Writing a Will that is future proof

Over time, changes in circumstances can mean that a Will becomes out of date and doesn’t accurately reflect your wishes. We look at how to ensure your Will can cope with changes.

It is a good idea to make a Will, even if you are young. It helps keep your financial affairs organised and if anything should happen to you, it will be of comfort to your loved ones to know your wishes. You should review your Will from time to time, and update it if necessary. But careful drafting will help it stand the test of time.

Executors and guardians

When you write a Will you need to appoint one or more executors to deal with the administration of your estate. This can be a time-consuming and complicated job, so you should ensure that whoever you choose is able and willing to take on the role.

Over time, their circumstances may change however, and if you have appointed more than one executor, along with substitutes, then there is a good chance that even if someone cannot act, one of your other choices will be able to take over.

Similarly, if you are appointing guardians for children who are under 18, then you should consider alternatives in case your first choice cannot take on the role.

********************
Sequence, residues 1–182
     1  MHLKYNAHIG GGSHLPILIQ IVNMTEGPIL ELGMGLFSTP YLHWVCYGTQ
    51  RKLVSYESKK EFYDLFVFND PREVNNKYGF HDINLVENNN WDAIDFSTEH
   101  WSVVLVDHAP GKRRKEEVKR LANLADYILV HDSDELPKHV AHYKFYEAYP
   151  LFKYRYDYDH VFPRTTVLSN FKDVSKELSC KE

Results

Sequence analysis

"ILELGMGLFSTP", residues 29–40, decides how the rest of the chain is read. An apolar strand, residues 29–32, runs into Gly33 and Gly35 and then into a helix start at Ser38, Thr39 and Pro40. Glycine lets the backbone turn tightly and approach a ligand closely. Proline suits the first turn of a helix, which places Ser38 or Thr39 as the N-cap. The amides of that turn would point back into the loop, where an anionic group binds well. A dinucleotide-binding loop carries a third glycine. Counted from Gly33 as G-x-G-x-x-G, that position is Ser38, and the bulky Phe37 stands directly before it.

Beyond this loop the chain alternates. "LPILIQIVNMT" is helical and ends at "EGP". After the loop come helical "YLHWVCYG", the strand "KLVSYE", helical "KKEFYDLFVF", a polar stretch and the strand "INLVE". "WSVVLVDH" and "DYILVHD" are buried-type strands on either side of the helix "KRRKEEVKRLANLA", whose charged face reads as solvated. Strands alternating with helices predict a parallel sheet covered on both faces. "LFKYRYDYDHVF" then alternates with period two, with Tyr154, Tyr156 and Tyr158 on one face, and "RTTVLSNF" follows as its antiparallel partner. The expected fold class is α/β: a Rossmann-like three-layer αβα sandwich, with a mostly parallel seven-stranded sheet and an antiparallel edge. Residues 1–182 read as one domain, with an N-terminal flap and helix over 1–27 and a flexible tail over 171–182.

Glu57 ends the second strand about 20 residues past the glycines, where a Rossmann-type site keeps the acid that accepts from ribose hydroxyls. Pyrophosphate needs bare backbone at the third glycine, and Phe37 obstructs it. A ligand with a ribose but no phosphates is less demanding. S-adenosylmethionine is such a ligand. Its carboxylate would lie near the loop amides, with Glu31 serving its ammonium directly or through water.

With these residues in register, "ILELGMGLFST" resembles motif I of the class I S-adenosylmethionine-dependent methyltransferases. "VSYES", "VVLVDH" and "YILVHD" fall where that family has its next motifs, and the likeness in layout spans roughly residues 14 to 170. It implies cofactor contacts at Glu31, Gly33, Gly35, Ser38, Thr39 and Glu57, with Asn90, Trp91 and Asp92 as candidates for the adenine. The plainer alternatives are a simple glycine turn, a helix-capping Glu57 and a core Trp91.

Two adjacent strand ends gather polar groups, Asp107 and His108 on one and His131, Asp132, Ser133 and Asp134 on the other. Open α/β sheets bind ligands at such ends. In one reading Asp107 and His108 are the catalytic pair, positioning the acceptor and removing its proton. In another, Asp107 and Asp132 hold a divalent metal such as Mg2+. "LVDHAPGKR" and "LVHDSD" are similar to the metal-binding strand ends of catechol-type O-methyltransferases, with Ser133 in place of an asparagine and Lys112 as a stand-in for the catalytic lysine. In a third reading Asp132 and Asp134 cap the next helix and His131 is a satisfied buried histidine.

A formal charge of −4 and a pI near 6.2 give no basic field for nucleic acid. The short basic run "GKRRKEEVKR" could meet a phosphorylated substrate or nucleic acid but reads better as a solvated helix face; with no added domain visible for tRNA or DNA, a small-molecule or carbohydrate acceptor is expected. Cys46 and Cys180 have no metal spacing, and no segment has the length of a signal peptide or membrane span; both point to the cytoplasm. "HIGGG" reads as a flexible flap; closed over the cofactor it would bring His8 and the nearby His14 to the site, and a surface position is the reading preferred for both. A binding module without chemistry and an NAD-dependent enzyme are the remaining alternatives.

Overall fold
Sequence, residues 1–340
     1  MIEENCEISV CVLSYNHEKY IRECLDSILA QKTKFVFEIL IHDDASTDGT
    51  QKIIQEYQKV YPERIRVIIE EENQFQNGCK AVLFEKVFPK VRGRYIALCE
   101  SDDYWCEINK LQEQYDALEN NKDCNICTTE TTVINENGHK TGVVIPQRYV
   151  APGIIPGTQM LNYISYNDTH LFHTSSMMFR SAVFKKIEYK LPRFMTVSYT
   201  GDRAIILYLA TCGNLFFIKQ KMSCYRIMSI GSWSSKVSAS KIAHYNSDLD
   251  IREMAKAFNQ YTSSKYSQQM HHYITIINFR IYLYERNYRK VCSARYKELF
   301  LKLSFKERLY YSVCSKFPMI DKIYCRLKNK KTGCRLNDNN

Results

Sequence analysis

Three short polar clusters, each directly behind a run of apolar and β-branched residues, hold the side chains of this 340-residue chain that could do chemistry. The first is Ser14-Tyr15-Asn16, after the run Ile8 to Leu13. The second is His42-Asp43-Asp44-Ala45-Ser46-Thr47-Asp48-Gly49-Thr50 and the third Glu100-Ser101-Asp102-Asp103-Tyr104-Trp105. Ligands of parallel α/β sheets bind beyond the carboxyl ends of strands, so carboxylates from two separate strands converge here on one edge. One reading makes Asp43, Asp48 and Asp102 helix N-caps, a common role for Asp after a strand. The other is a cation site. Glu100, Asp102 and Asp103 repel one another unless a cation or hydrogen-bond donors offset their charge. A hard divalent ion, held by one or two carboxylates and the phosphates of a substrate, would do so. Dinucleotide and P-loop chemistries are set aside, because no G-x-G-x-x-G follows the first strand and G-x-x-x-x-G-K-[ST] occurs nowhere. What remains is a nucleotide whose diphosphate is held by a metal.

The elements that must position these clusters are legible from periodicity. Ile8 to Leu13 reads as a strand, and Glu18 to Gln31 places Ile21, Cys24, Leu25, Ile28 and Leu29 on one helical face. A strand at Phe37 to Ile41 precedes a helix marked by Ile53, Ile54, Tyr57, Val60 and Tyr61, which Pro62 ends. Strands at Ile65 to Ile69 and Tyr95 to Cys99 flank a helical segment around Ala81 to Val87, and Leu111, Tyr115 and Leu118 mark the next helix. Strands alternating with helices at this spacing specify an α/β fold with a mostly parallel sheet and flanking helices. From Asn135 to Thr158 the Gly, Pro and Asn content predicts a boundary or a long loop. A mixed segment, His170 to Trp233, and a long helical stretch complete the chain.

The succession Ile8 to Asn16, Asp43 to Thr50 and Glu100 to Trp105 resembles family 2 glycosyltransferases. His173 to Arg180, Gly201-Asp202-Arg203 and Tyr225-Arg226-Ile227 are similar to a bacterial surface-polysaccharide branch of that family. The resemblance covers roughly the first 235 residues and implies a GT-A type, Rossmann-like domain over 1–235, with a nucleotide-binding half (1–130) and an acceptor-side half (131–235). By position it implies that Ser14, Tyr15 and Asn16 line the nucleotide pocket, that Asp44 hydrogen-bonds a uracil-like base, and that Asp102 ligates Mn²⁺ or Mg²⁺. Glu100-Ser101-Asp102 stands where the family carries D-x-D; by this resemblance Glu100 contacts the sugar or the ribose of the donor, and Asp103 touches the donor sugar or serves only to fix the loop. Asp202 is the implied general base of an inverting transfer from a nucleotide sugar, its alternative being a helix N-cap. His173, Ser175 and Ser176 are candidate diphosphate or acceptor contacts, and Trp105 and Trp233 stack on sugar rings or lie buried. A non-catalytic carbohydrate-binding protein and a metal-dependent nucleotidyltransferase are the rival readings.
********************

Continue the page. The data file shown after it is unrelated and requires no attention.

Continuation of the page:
Beneficiaries

If you leave bequests to children by name, then babies who are born after your Will is written may be excluded.
It is possible to draft a Will that takes into account future births, and includes them alongside those who were already living at the time the Will was made.

Marriage

Although it is possible to take a number of steps to future-proof your Will, you should note that upon marriage or civil partnership, any Will you have made becomes invalid, unless it was specifically made in contemplation of that marriage or civil partnership.

Change in the value of your estate

Over time, your estate may alter in value considerably, for example if you come in to money or if a substantial amount of money is used in care home fees.

This can effect the proportions of any gifts you leave under your Will. Specified sums are paid out first, then the remainder is split between your choice of named beneficiaries. If the amount in your estate decreases, this could leave those inheriting the residue with less than you envisaged them having.

Even if you are confident that you have future-proofed your Will as far as possible, it is still advisable to review it regularly, and re-draft it if necessary.

If you would like to talk to one of our Wills experts, ring us on 0117 952 0698 or email us at info@elm-online.co.uk.

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